Dwarf rhododendronBotanical name: Rhododendron...

PLANT NOTEBOOK

May 25, 1991|By Amalie Adler Ascher

Dwarf rhododendron

Botanical name: Rhododendron yakushimanum

Pronunciation: ro-do-DEN-dron

Family: Ericaceae (heath)

Common name: Yak

Origin: Japan

Class: Shrub

Display period: Late May, June

Height: 3-4 feet

Environment: Filtered light The Rhododendron genus, one of the largest and most varied in the plant kingdom, includes more than 800 species and in excess of 10,000 hybrids with amateurs as well as professionals engaged in the breeding. Azaleas, by the way, are actually rhododendrons, and are not, as is often thought, a genus of its own.

The dwarf rhododendrons are the ones I find so appealing, having been won over by R. yakushimanum Centennial Celebration. In the three years I've been growing it in a pot on my terrace, it has only reached 10 inches high. Even veteran nurserymen marvel at its ruggedness. As is typical of such hybrids, flowers reach full size, the plant's dwarf habit notwithstanding. Care is easy, too.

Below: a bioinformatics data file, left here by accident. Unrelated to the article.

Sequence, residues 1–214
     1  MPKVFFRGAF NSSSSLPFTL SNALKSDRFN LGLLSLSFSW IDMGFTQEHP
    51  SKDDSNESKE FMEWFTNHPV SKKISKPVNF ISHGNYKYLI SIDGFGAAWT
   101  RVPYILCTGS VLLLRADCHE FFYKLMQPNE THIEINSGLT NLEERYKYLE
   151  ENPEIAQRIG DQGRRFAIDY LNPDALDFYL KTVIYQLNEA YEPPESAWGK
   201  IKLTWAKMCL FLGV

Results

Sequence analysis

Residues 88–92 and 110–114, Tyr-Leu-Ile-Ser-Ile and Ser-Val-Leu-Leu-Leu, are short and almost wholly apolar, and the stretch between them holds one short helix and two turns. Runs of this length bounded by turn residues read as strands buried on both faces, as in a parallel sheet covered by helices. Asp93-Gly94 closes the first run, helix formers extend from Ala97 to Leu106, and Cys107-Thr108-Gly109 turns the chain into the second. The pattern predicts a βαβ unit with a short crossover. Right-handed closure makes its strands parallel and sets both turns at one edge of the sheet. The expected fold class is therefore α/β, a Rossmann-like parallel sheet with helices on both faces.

Dwarf rhododendrons are a fairly recent innovation; the species R. yakushimanum was introduced into England from the wild in 1934. According to Peter A. Cox in "The Smaller Rhododendrons" (Timber Press; $29.95), the yak, for its slow rate of growth, dense and compact habit and free-flowering, is "considered by many the most perfect species known." Almost anyone who has ever "dabbled" in hybridizing, he adds, has used it as a parent.

In its native habitat on the Yakushima Island in S. Japan, the yak lives at 4,000- to 6,000-foot elevations. Dwarf wild species generally are found to inhabit Asiatic mountains above the timberline, the exposure, no doubt, contributing to their stunted size. Rocks and the plants' own colonies help to shelter them.

Unlike rhododendrons typically, yak hybrids can take sun. A source for Doc, Dopey, Nestucca, Percy Wiseman and Surrey Heath, five of the 15 yaks Mr. Cox rates as "the best," is Hall Rhododendrons, P.O. Box 62, Drain, Ore. 97435 (catalog $1.25). Centennial Celebration is an exclusive of Wayside Gardens, 1 Garden Lane, Hodges, S.C. 29695-0001.

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